Investec Guinness Flight is favouring shorter dated UK gilts amid confidence yields will fall signif...
Investec Guinness Flight is favouring shorter dated UK gilts amid confidence yields will fall significantly by the end of the year.
The group forecasts three year gilt yields will fall by 100 basis points to 5.15% by the end of 2000 in anticipation of a fall in UK interest rates.
It also expects a 50 basis point fall in the yields on 10 year gilts to 4.76% from 5.26% over the same time period.
Investec Guinness Flight is overweight in the three to 10 year area of the curve in a bid to take advantage of these potential falls in yield.
Eddie Middleton, investment manager, fixed interest at Britannic Asset Management, is also overweight in gilts up to the 10 year area of the yield curve.
He points out the recent Government auction for mobile phone licences has raised around £22.5bn, which it will use to buy back debt.
Middleton anticipates buybacks to be focused at the shorter end of the gilt market where he expects yields to fall.
Paul Brain, head of retail fixed income at Investec Guinness Flight, says: "We expect one more rate rise this year and then the market will start anticipating rate cuts.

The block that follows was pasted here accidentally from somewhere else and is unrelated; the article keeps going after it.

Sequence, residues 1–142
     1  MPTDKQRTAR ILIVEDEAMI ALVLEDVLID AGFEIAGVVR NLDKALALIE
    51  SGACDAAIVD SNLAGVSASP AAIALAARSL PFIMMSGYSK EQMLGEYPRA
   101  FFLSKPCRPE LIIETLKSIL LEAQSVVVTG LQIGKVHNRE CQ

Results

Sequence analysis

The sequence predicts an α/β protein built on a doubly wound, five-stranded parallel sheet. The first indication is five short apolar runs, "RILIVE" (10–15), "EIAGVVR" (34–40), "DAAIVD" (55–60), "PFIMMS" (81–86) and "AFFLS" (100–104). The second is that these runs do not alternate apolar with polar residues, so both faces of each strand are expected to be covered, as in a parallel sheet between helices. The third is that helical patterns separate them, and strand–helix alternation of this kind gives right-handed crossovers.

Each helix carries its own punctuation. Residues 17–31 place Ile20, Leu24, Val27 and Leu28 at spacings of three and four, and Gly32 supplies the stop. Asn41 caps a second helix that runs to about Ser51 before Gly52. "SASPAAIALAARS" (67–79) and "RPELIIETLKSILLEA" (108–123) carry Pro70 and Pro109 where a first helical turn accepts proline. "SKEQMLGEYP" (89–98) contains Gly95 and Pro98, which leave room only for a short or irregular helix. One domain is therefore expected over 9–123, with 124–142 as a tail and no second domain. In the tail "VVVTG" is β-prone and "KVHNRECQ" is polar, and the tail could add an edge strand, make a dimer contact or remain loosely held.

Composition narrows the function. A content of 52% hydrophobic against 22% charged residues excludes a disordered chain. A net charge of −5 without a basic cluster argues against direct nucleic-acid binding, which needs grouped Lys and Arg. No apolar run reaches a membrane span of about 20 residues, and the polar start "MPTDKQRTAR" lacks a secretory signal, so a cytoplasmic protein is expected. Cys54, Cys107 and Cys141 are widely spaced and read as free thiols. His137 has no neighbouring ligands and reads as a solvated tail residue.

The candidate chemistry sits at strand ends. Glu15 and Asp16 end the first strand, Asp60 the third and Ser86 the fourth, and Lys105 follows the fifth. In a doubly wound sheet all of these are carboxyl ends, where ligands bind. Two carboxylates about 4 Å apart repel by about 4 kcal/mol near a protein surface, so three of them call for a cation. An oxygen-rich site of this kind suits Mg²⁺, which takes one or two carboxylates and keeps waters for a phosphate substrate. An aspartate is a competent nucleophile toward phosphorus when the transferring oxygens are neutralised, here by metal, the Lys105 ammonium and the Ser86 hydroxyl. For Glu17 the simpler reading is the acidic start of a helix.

"The outlook for gilts is good and at the short end there is a lot of room for yields to fall. The technical background is also supportive.
"There has been a rally at the long end of the market with pension funds buying into long-dated gilts to meet the Minimum Funding Requirement (MFR). The Government is also trying to increase issuance at the long end.
"Competing asset classes such as corporate bonds have also been underperforming and gilts are being seen as a safe haven in the current environment.
"We believe a new regime for the MFR will allow diversification away from gilts and into supranational debt from bodies such as the European Investment Bank and World Bank."
Middleton says the favourable technical factors in the gilt market are also supported by the economic outlook. He adds: "We feel the UK economic environment is reasonably supportive for gilts. Inflation is well below the Government target of 2.5%.
"We have quite intense competition on the high street and the inflationary impact from oil price rises is starting to wane. The strength of sterling has been a depressive factor on inflation as well so the inflation outlook is quite benign.
"The concerns for the Monetary Policy Committee of the Bank of England are earnings and house prices although it has been indicating recently that house prices are moving down its list of priorities."
Middleton believes the UK is close to its peak in interest rates and expects them to go up to 6.25% over the coming months from the current level of 6%.
He adds: "The international environment is less positive for gilts as we have seen strong inflation numbers out of the US and we expect a 50 basis point interest rate rise at the next meeting.
"In Europe interest rates are also set to rise but the domestic picture is positive as the UK is still the closest to a peak."
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